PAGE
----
Spring - where art thou?

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    Guest blog post by Rhonda Tate
    April is the month when my mind turns to green grass, rushing streams, and Vital Signs! While it may seem like Vital Signs investigations are a far off dream, my students and I will be headed out into the field to gather some of our ongoing data just next week.

When I first embarked on Vital Signs investigations I stuck closely to their 10-day curriculum. I thought every Vital Signs activity needed to culminate in posting data. Over the years, I’ve realized that Vital Signs can be the common thread that my class follows throughout the year. This fall my 8th graders asked the big question of whether or not Mill Stream - an inlet of Philips Lake that passes by our school - is healthy. We completed the Field Mission for Vital Signs by looking for macroinvertebrates that indicated healthy (or not so healthy) streams. When the field work was over, we asked more questions. What were other indicators of health? We started collecting monthly data on temperature, dissolved oxygen, pH, and salinity. With the help of borrowed equipment from GMRI and the DEP, we were able to gather reliable data. What are we going to do with all this data? I have no idea, but we have had a thread to keep us moving all winter long.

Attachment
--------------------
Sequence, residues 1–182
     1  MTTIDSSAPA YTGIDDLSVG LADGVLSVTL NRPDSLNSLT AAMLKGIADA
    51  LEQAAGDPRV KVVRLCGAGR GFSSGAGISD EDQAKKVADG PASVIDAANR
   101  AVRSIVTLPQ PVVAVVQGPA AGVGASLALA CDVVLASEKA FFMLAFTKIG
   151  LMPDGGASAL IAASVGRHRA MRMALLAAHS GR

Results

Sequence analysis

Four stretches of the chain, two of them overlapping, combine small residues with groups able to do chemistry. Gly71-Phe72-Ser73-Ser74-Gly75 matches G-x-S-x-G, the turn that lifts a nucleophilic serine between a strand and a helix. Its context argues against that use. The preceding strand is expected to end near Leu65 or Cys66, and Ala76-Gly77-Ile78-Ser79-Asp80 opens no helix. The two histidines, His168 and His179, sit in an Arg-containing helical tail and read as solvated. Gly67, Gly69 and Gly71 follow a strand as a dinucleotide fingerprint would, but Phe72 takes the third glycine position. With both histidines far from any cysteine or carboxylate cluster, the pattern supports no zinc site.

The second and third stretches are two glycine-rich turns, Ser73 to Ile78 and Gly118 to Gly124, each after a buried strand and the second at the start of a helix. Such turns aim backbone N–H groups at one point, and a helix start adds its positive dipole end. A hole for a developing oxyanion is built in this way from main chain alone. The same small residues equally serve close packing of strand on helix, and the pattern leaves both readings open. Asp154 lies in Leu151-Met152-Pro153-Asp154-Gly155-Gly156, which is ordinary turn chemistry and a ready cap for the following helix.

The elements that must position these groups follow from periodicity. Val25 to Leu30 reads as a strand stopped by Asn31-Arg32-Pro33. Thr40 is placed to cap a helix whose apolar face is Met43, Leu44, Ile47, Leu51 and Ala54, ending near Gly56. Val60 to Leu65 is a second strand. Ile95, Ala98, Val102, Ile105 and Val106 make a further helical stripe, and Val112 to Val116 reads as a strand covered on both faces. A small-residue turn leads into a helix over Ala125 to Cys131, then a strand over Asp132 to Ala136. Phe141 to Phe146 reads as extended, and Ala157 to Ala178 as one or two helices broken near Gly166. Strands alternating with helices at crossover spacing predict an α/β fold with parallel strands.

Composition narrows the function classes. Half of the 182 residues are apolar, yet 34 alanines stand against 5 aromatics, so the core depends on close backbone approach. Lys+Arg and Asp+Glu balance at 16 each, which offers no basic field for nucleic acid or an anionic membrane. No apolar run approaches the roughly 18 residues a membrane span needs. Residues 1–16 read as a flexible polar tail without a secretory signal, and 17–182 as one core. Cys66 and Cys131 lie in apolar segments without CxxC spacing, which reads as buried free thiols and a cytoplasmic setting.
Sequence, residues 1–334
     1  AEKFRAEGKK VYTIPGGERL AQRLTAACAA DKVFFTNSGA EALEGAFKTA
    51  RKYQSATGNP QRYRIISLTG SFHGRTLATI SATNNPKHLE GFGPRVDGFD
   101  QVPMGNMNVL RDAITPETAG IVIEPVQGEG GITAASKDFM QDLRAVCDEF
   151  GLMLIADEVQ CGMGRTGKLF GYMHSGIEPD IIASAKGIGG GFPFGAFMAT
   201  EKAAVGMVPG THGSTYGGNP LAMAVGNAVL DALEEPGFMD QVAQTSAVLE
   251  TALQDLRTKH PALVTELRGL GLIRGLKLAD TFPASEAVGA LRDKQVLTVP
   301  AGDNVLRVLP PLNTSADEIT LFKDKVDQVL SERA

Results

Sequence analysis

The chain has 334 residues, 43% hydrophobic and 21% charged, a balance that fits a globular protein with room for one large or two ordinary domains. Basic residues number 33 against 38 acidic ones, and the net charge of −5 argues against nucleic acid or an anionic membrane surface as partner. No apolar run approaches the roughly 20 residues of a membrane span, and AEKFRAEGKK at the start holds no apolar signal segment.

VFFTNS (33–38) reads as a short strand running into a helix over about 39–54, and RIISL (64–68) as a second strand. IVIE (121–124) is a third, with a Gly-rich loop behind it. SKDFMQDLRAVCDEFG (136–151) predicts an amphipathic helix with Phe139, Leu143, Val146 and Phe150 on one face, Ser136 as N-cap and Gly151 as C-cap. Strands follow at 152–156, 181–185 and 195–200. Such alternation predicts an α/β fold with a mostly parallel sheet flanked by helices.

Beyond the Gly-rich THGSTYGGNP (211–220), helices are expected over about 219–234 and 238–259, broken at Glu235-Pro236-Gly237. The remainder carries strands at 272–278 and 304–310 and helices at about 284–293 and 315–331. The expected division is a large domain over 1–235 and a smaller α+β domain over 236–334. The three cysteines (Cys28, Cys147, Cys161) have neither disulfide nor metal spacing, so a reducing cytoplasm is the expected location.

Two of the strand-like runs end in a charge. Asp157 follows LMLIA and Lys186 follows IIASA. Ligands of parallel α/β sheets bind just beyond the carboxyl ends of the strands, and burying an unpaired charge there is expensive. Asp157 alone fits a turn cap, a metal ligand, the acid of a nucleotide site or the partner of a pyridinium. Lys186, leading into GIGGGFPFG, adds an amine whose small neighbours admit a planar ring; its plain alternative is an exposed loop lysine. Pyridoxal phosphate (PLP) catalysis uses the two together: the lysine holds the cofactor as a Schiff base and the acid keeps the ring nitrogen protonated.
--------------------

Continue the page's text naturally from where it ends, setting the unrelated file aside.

This spring, when we are ready to go looking for more species, we won’t have to re-learn the ways of Vital Signs. We won’t have to review safety precautions around water. This stream has now become “our” stream. We know this stream in all four seasons. Our data collection has become efficient and I’m hopeful our spring observations will follow suit. Perhaps four full class periods have been devoted to this ongoing data collection. A small investment of time with a big pay-off.

Good luck with all your spring observations. And remember - as I tell my students - scientists take observations in all sorts of weather...even knee deep in mud!